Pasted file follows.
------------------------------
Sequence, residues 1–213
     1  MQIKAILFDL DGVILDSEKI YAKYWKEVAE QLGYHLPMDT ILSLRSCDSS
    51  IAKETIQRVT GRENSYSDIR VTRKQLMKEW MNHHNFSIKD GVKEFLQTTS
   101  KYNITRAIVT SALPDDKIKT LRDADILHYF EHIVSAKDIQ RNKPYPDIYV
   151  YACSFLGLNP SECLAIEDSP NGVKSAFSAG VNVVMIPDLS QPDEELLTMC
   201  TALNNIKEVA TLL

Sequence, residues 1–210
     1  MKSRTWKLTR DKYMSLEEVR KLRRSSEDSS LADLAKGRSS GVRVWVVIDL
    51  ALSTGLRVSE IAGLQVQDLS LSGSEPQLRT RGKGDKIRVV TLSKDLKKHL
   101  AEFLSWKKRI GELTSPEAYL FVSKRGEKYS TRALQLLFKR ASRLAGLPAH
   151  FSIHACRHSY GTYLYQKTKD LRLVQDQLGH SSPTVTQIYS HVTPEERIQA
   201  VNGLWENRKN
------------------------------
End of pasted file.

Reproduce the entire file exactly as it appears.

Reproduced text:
Sequence, residues 1–213
     1  MQIKAILFDL DGVILDSEKI YAKYWKEVAE QLGYHLPMDT ILSLRSCDSS
    51  IAKETIQRVT GRENSYSDIR VTRKQLMKEW MNHHNFSIKD GVKEFLQTTS
   101  KYNITRAIVT SALPDDKIKT LRDADILHYF EHIVSAKDIQ RNKPYPDIYV
   151  YACSFLGLNP SECLAIEDSP NGVKSAFSAG VNVVMIPDLS QPDEELLTMC
   201  TALNNIKEVA TLL

Sequence, residues 1–210
     1  MKSRTWKLTR DKYMSLEEVR KLRRSSEDSS LADLAKGRSS GVRVWVVIDL
    51  ALSTGLRVSE IAGLQVQDLS LSGSEPQLRT RGKGDKIRVV TLSKDLKKHL
   101  AEFLSWKKRI GELTSPEAYL FVSKRGEKYS TRALQLLFKR ASRLAGLPAH
   151  FSIHACRHSY GTYLYQKTKD LRLVQDQLGH SSPTVTQIYS HVTPEERIQA
   201  VNGLWENRKN